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- 3 cups of dry fruit (*)
- 3 cups of chopped nuts (**)
- 2 pounds mixed candied fruit for fruit cake (this is the cheapest way to buy fruit for fruit cake, in the large 2 pound tub, all mixed together)
- 1 cup margarine (2 sticks)
- 1 cup sugar
- 1 cup brown sugar
- 4 medium eggs
- 1 cup fruit juice (or the syrup from canned fruit or even kool-aid)
- 1 teaspoon baking powder
- 1 teaspoon cinnamon
- 1/2 teaspoon allspice
- 3/4 teaspoon salt
- 3 cups flour
First measure and prepare all of the fruit. The regular dry fruit must be soaked first. Put your raisins and whatever other dry fruit you are using, into a bowl. Cover them with hot tap water and set aside. This keeps the fruit moist while it bakes. Do not omit this step to save time. I have tried to use the raisins without soaking first, and they do not turn out good at all. So always soak the regular dry fruit before using it. The candied fruit does not need soaking. Chop up your nuts, use any kind you like. I prefer not to use peanuts, but you could if you really wanted too. Personally, I prefer black and english walnuts. The peanuts just don’t do justice to the cake in my opinion.
Get out a very big bowl. In it combine the margarine, brown sugar, white sugar and eggs. Mix it all up very well. Add the fruit juice or syrup. Mix again, until it is nice and smooth. Now measure in the baking powder, spices and salt. Add the flour, and stir it up really good. The batter will be quite thick. Be careful as you stir, to get all of the corners of the bowl, so everything is mixed in nicely. Next dump in the nuts and the candied fruit. Get the regular dry fruit, which is soaking, and drain it very well. I use a colander and drain it like spaghetti. Add the drained fruit to the batter along with the nuts and candied fruit. Stir and Stir and Stir. A big wooden spoon works best for this task. Stir and stir some more. Get all of the fruit and nuts evenly distributed throughout the batter.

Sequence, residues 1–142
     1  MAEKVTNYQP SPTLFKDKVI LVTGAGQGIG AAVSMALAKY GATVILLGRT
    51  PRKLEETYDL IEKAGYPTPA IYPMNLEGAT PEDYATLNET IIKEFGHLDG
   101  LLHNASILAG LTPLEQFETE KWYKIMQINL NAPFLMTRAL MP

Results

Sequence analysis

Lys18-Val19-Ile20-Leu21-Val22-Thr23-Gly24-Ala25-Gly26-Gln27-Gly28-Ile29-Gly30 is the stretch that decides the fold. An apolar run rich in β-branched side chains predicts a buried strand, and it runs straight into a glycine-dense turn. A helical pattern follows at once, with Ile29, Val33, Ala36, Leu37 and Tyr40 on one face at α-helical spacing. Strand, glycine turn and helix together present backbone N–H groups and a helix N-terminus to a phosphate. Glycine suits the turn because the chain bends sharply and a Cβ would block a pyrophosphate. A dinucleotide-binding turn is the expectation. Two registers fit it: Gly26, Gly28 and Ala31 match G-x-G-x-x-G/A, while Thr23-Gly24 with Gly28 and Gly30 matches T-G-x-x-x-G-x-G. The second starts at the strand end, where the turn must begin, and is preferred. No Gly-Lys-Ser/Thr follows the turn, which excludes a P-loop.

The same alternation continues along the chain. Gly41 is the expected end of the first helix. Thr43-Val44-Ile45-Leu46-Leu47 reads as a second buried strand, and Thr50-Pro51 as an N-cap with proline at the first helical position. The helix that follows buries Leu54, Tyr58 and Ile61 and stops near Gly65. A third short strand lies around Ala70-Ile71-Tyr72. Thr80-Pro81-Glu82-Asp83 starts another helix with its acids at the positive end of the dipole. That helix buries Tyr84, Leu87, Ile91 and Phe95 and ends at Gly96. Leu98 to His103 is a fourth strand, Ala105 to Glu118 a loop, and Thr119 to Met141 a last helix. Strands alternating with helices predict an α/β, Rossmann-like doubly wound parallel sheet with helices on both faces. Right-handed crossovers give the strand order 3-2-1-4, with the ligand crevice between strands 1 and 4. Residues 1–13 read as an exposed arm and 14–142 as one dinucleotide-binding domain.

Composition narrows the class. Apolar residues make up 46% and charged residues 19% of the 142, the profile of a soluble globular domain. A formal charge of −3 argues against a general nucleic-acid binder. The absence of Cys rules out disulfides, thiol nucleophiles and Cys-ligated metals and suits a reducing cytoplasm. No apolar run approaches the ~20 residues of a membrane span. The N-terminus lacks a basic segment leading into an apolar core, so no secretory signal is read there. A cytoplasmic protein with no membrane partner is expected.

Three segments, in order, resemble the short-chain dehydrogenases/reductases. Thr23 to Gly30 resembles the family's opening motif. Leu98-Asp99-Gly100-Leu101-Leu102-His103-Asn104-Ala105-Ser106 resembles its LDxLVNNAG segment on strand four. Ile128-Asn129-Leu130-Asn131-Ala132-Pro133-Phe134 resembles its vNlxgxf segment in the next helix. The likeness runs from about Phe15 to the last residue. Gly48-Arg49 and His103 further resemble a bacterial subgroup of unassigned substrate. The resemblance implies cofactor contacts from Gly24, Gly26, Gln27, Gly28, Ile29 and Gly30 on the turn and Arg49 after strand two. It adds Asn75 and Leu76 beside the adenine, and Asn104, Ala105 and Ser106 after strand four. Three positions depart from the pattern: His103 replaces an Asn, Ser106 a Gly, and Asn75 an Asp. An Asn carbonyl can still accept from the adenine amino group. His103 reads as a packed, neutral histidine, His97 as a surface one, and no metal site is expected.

Now generously grease four 8″ by 4″ loaf pans with solid shortening. I say solid shortening, because it makes the finished cake easier to remove. Turn the batter into the four loaf pans, filling them equally full. Spread the batter to the corners of the pan, because it is so thick it will not run there by itself, like regular cake batter. Bake the loaves at 275° for 2-1/2 hours. When you stick a butter knife into the center of one of the cakes, it should come out clean. The cakes will rise a little bit, but not too much. Allow the cakes to cool completely before trying to remove them from the pans. This is important. If you try to remove them while they are still hot, they will not come out as whole cakes. Instead they will come out as hot fruit cake crumbs. I use a thin dull knife blade to sort of help them out of their pans several hours later. After they have been removed, double wrap them, first in plastic wrap and then in tin foil. These freeze very well. They make excellent gifts to folks who like fruit cake. Don’t waste them on folks who already hate fruit cake and will never change their minds. People who already like it, will beg you for the recipe, and you can give it to them or not, depending on your desire for the power of a secret recipe in your repertoire.
* choose from raisins, dates, dry apricots, dry pineapple, dry apples, whatever you have available
** choose from walnuts, almonds, pecans, whatever is most abundant to you
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